It is important to use the correct synatx and format when entering info into this custom fields and meta boxes. Syntax errors or incorrect info will lead to undesired output or even fatal errors. It is important to let your clients know of such info


I don't understand what you are trying to accomplish, but from what I can tell you, those are two separate things


apply_filters('the_content', $content); is used to apply the content filters to raw unfiltered post content, which usually comes from the use of $post->post_content. These filters include the famous filter wp_autop which adds p tags to the_content()

apply_filters('the_content', $content); is usally used in conjuction with get_posts where one works directly with the WP_Post objects without using setup_postdata( $post ) which makes the template tags like the_content() available for use


do_shortcode is used to add a shortcode anywhere in template files outside the text editor in the page editor screen back end, basically filtering shortcodes through their hooks.

The correct use is as follows

Example: Adding the gallery shortcode in a template file

echo do_shortcode( '[gallery]' )


From your comments, I would not use a shortcode at all then.

If you are not going to add a shortcode via the text editor and going to add it directly (hardcode) via do_shortcode in a template file, I would rather then just add the function to the template


If you have the following shortcode function

function footag_func( $atts ) {
    return "foo = {$atts['foo']}";
add_shortcode( 'footag', 'footag_func' );

You can simply call the function directly in a template like

echo footag_func();

It is much faster this way as the shortcode need not be parsed


To be honest here, you are completely doing this wrong from your edit. That is why I could not understand your initial question

Sometimes, I need to add post meta on post/pages/custom post types, so that they can add shortcodes (slider, contact form etc) or just a simple text. It's a text filed.

To make the shortcode working, I use option 1.....

Custom fields are not text fields and are surely not meant to be used to execute shortcodes and for that matter sliders or contact forms. Custom fields should never be used to replace the text editor in posts and pages.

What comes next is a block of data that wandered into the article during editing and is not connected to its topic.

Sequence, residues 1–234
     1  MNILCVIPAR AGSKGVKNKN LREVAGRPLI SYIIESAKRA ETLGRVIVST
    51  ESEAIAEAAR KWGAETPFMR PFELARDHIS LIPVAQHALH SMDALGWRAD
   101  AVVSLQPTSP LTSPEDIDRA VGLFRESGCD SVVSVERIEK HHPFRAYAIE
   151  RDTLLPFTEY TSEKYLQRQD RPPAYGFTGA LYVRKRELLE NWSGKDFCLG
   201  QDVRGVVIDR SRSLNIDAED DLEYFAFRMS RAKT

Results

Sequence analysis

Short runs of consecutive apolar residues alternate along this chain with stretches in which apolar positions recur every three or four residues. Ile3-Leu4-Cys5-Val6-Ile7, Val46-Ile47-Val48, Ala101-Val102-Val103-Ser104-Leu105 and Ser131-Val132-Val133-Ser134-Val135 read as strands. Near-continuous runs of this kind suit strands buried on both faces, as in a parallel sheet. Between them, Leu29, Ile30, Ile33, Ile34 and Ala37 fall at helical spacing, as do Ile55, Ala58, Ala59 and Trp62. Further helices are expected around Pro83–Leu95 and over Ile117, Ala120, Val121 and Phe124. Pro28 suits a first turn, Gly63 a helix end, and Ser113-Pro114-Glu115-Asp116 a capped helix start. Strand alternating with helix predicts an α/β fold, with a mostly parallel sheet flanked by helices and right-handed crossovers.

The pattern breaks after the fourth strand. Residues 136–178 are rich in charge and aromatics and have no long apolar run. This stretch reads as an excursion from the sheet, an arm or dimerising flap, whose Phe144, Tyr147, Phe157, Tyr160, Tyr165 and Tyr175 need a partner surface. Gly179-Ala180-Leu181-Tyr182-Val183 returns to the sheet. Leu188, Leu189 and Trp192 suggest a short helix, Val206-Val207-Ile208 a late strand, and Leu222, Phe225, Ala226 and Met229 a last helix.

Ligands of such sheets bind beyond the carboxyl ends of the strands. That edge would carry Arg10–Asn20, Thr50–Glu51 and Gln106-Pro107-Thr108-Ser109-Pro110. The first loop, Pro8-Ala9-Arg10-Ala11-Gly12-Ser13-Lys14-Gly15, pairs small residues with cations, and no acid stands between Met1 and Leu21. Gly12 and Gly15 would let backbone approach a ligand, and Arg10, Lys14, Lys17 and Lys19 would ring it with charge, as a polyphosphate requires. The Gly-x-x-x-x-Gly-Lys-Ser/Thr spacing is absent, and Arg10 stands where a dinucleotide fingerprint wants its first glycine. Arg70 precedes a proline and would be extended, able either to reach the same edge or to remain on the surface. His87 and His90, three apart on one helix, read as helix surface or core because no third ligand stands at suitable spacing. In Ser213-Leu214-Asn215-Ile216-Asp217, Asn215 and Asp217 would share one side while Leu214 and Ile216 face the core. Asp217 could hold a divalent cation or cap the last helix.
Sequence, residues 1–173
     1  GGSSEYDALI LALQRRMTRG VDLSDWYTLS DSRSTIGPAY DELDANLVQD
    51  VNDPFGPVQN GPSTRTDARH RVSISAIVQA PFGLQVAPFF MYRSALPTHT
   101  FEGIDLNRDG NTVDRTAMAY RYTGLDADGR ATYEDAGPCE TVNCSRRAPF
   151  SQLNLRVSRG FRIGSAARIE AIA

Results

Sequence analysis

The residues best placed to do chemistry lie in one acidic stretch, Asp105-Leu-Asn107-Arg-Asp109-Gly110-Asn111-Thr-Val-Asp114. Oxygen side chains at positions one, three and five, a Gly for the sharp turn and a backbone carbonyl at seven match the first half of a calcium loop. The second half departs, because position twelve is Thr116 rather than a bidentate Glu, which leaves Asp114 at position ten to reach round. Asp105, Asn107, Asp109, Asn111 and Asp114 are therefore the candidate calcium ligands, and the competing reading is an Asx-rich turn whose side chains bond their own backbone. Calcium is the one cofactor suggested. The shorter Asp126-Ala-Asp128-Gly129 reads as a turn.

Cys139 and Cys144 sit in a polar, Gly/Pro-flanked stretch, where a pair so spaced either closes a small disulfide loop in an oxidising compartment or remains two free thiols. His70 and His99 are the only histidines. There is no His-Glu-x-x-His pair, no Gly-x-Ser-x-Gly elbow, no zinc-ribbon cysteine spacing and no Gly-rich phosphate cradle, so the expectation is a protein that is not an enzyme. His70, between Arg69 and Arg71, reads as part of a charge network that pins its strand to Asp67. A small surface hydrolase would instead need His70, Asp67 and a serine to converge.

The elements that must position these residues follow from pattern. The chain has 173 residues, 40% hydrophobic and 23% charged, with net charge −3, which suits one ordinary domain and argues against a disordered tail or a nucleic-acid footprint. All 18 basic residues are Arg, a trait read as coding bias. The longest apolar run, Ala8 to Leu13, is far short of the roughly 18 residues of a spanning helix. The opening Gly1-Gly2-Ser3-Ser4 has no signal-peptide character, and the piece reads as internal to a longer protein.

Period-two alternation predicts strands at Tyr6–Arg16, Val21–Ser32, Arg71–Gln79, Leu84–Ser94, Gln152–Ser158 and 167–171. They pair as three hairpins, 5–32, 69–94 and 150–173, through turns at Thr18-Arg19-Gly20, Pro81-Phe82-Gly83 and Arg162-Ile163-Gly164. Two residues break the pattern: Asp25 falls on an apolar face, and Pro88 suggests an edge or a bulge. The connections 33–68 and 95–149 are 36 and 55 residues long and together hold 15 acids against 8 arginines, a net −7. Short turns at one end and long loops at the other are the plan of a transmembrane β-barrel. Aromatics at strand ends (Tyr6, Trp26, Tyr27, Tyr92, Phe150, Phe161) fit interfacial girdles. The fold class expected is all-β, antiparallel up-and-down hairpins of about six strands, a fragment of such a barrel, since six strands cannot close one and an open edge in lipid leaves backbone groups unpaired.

As I stated before, apply_filters('the_content', $content); is meant to be used to apply formatting to raw post content.

You have two choices here

  • Use do_shortcode directly in template files, which I would not recommend as using the function is faster as the shortcode need not be parsed

  • Use the shortcode directly in the text editor for the particular page/post

I would seriously recommend that you take a fresh new look at your structures and what you want to achieve. Custom fields are not text editors and cannot execute shortcodes or sliders.

My recommendation would be to look maybe into custom widgets or a system which you can use with custom fields

  • 1
    Pieter thanks for the explanation. I already know that. But I was asking, which option will be more accurate if the target is only to output shortcodes from post meta/theme options textarea. I am using option1 to get the filtered content, and it became a habit of me. And using option 1 even to just print a shortcode from a textfiled. So was asking. – тнє Sufi Jan 3 '15 at 12:06
  • I saw the edit. I got your point. But my scenario is different. It's like, there is a text filed/area, and several shortcodes. Now user can put any of the shortcode/s in that area. So I can not directly use a function. I need to keep that part dynamic. – тнє Sufi Jan 3 '15 at 13:29
  • Where is that text field, is it the same as in the back end page editor screen – Pieter Goosen Jan 3 '15 at 13:34
  • It can be a post meta. Or it can be a theme option. I use the_content filter for both. – тнє Sufi Jan 3 '15 at 13:36
  • Sorry, but then none of this makes sense. Why would you want to use shortcodes in custom fields. Why would you even use shortcodes then at all. – Pieter Goosen Jan 3 '15 at 13:41